On October 6, 2000, the US Navy awarded a 5-year contract for Navy Marine Corps Intranet (NMCI) services to EDS for an estimated 412,000 – 416,000 seats and minimum value of $4.1 billion. The original contract also included a 3-year option for an additional $2.8 billion in services, bringing the potential total contract value to $6.9 billion. Extensions and restructuring have made it a 10-year, $9.3 billion information technology services program. Through a contract that contains numerous performance-based incentives, the Navy is buying network (intranet), application, and other hardware and software services at a fixed price per end user (“seat”) to support about 550 sites. As a form of perspective, for FY 2006 the US Navy’s IT budget was about $5.8 billion, which included funding for the development, operation, and maintenance of Navy-owned IT systems, as well as funding for contractor-provided IT services and programs like NMCI.
The US Government Accountability Office has issued a number of reports during NMCI’s lifetime, some of which have been helpful in refocusing the program. The 2003 report “DOD Needs to Leverage Lessons Learned from Its Outsourcing Projects (GAO-03-371),” which looked at leading commercial outsourcing practices and noted discrepancies, is a good example.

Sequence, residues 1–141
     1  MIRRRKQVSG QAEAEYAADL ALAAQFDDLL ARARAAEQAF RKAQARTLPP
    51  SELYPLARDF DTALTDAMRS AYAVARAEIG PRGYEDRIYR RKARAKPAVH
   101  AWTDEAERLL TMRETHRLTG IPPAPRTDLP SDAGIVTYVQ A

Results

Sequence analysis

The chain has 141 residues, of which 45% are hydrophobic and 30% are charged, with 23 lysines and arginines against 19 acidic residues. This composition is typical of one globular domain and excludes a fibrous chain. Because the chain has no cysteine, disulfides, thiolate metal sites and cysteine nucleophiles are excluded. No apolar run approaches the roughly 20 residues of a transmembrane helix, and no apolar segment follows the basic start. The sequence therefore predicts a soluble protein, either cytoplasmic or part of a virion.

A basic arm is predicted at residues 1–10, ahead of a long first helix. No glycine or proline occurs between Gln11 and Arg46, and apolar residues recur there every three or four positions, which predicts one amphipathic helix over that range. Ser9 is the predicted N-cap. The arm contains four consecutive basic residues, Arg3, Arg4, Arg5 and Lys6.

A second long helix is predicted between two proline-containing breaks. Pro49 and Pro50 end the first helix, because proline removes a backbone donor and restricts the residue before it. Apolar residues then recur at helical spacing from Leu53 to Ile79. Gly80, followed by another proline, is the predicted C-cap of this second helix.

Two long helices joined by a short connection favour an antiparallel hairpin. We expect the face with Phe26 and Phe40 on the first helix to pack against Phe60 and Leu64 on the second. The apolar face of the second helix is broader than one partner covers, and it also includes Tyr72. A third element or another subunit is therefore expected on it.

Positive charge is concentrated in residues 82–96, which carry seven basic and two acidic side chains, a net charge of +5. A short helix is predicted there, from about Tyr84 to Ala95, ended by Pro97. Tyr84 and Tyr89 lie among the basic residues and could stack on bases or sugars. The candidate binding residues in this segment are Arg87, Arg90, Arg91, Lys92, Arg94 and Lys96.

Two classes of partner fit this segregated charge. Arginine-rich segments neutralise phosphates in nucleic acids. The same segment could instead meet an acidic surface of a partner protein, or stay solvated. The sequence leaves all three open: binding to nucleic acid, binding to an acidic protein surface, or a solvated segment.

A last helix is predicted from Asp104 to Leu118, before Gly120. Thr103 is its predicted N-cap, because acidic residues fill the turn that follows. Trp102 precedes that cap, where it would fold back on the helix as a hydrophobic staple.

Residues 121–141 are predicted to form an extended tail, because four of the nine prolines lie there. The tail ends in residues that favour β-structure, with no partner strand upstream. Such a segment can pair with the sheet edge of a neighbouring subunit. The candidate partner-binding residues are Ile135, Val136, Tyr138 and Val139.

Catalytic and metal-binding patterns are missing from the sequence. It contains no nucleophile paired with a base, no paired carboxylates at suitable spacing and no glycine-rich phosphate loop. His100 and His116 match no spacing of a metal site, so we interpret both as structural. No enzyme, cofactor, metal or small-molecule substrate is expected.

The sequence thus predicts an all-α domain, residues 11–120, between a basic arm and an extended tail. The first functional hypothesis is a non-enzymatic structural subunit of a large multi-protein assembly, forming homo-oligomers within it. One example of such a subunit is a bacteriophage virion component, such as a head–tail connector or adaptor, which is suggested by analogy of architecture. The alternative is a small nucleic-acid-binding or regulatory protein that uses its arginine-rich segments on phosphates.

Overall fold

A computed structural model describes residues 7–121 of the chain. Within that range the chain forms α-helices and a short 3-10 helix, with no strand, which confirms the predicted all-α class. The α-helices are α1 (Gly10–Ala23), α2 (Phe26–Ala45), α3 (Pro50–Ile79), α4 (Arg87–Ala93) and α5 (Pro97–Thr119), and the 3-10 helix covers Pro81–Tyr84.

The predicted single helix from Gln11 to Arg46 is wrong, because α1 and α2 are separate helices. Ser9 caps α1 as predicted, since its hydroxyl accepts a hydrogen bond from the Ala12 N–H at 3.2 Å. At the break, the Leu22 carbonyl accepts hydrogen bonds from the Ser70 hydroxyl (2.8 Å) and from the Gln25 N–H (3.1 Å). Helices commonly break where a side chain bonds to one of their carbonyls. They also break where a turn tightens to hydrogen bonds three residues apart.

Their December 8, 2006 report “DOD Needs to Ensure That Navy Marine Corps Intranet Program Is Meeting Goals and Satisfying Customers” (GAO-07-51) attempts to match NMCI’s strategic goals to its performance measurements under the contract’s service level agreements (SLAs). The result is a 114-page auditor’s report that will offer readers many useful details about NMCI as a program and identifies some of its shortfalls and challenges, but falls short as an attempt to ascertain NMCI’s broad success or failure. That would require more use of the commercial auditing industry’s growing practice of using industry or project comparables for perspective, and noting leading practices and common pitfalls in order to offer a comparison based on peer as well as internal criteria. It would also assess the initial performance measurements themselves as a subject for inquiry, since it is common practice for understanding of what can and should be measured to change sharply once an intranet is implemented and running. Readers who persevere to the very end of the report, for instance, will find a Navy response that outlines a number of ‘surprise’ spinouts from the NMCI effort. As such, they are unmeasured under the original criteria of the SLAs and could not figure in the GAO’s report. They are nevertheless significant, and represent possible targets for future measurement that could help answer the strategic value question in a more comprehensive way. The GAO report may be found here.